However, the Upper Tribunal concluded that the legislation had a different meaning to that found in the manual and the contrary view set out in the guidance was found to be incorrect.

PTM042100 now 'clarifies' that member or employer contributions to a registered pension scheme must be a monetary amount and where an asset is transferred in satisfaction of an earlier obligation to contribute money, the resulting contribution is not a monetary amount which would attract tax relief.

However, a contractual offset agreement, whereby the scheme agrees to purchase an asset in consideration of the contribution obligation, can qualify for tax relief under certain circumstances.

DWP consultation on the general levy proposes increases from April 2021

Development: 

The DWP has launched a consultation on proposals to change the structure of the general levy which is paid by pension schemes to recover funding provided by the DWP to the Pensions Regulator, the Pensions Ombudsman and part of the Money and Pensions Service, and to increase rates from April 2021 for the following three years. The consultation will close on 27 January 2021. 

The rates have not been increased since 2008/09, in fact reducing by 13% in 2012/13. However, the levy deficit is expected to reach approximately £80m by March 2021 and the Pensions Minister, Guy Opperman, has said that action is needed to align the rates with expenditure.

Key point: 

The 2020 levy charges run from £29 for occupational schemes with fewer than 12 members to £430,000 for those with over 500,000. These could increase to £64 and £945,000 respectively for DB and hybrid schemes by 2023/24 under the proposals. Therefore, very large schemes could see a big hike in the levy rates by the third year.

ICO code of practice on responsible data sharing methods

The ICO has published a new Data Sharing Code of Practice with resources to provide practical assistance to businesses and organisations on carrying out responsible data sharing in compliance with data protection legislation. The code will be laid before Parliament for approval as soon as reasonably practicable and will come into force 40 sitting days after being laid.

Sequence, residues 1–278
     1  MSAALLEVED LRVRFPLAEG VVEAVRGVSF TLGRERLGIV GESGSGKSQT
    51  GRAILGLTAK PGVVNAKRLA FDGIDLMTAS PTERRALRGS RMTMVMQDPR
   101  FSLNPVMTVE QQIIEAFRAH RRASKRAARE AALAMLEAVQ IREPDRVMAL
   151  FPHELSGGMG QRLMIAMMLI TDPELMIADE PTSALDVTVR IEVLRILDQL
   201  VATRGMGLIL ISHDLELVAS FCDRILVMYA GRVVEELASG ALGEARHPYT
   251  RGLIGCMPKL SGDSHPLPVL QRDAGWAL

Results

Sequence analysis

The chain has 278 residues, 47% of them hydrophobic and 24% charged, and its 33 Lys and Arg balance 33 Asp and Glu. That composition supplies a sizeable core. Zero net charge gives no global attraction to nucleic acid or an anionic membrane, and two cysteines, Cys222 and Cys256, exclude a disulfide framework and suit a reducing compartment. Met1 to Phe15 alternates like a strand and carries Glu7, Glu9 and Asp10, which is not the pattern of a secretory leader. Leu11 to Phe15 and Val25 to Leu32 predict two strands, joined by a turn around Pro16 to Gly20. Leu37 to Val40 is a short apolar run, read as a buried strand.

It has also launched a data sharing information hub which contains targeted support and resources including case studies, FAQs and checklists. 

Regulator investigation into the Merchant Navy Ratings Pension Fund (MNRPF) leads to governance and trustee board changes but no independent trustee appointment

Development: 

The Regulator has issued a regulatory intervention report in relation to the MNRPF following commencement of an investigation in November 2018 into a wide range of governance issues including failure to implement recommendations from two independent review reports commissioned in 2016 and 2018, improper consideration of conflicts of interest, failure to take account of professional advice, breaches of confidence, failure to reach consensual decisions and a 'lack of trust' issues.

The MNRPF is a multi-employer defined benefit scheme with approximately 25,000 members, over £1bn in assets (as at 31.3.2017) and more than £1m of additional costs resulting from the governance issues. 

The Regulator issued a warning notice recommending the appointment of an independent trustee in May 2019. Ultimately, the appointment was not made as the nominated bodies made 'material and effective changes to restructure its board and to improve its governance' including wholesale changes to the trustee board personnel, imposition of maximum terms of office for trustee directors, changes to trustee voting arrangements and TKU and performance review improvements.

Key point: 

Some of the issues identified in the MNRPF were specific to the circumstances of the scheme but on a more general level, the report illustrates the governance standards expected of trustees and the steps which the Regulator will take where issues are identified.

Do you have any queries regarding the latest developments in pensions law?

For more information regarding the latest developments in pensions law, please contact our experts listed below or visit our pensions regulatory support page for more information on the services that we offer.

SubscribeHide

Forward thinking insight

Direct to your email inbox

Subscribe now